For most, it’s the people that are the difference – the workplace needs to send the message that ‘this is our team, this is our knowledge, these are our ideas and this is what we need to protect’.”

The roots of this discussion lie in the pioneering work of Frank Duffy and John Worthington, whose research explored the relationship between people and the design of physical space, and how that positive relationship could impact an organisation’s performance. The emphasis on flexible built spaces that can adapt to changing needs of the workforce continue to be relevant as more and more organisations begin to adopt activity-based working (ABW) models pioneered by Dutch design firm Veldhoen + Company.

The flexibility facilitated by ABW gives more choice back to individuals to choose how and where they work. However, could this greater independence and autonomy – and the removal of the allocated individual desk – also lead to a reduced sense of personal ownership? “ABW can challenge an individual’s sense of place or belonging within a workplace. As a result, it’s essential to manage the change and actively promote a united team and organisational culture – continuing to physically bring people together through social connectivity and face-to-face collaboration,” says Keti Malkoski, workplace research psychologist at Schiavello.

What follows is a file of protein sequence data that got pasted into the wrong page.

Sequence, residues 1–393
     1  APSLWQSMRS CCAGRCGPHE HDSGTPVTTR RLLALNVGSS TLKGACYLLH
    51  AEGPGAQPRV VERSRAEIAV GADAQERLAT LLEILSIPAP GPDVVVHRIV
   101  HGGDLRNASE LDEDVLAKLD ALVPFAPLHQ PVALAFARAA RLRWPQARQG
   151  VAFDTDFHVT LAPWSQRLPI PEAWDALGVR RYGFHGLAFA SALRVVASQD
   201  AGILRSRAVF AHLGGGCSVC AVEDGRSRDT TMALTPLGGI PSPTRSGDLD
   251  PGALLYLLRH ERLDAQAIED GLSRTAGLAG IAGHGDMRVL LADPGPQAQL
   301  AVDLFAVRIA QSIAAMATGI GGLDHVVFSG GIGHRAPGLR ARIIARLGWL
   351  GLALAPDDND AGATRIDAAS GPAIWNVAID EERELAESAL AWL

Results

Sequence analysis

Through her experience, Malkoski says that ‘home zones’ for specific teams are key to helping individuals deal with this shift to communal ownership and the reduced visibility that results from the loss of the allocated individual desk. “These ‘home zones’ help employees adapt their mindsets about workplace ownership, which contributes to their comfort: employees no longer own a workpoint, but together with their team members they own a team area and are a part of a community.”

This idea that individuals are given ownership over a shared zone within the workplace has parallels with the urban concept of community-centred place-making. Malkoski and Alaterou both assert that the physical workplace, and the ways in which social and working zones within it are organised, plays a significant role in employee attraction and retention. “The impact of the physical workplace on employee and business outcomes is difficult to quantify,” explains Malkoski. “One way that we can do this is through employee surveys: perceptions form employees’ reality. Surveys can help us understand how employees feel about the workplace – evaluating feelings of belonging and attachment – which impact morale and motivation.”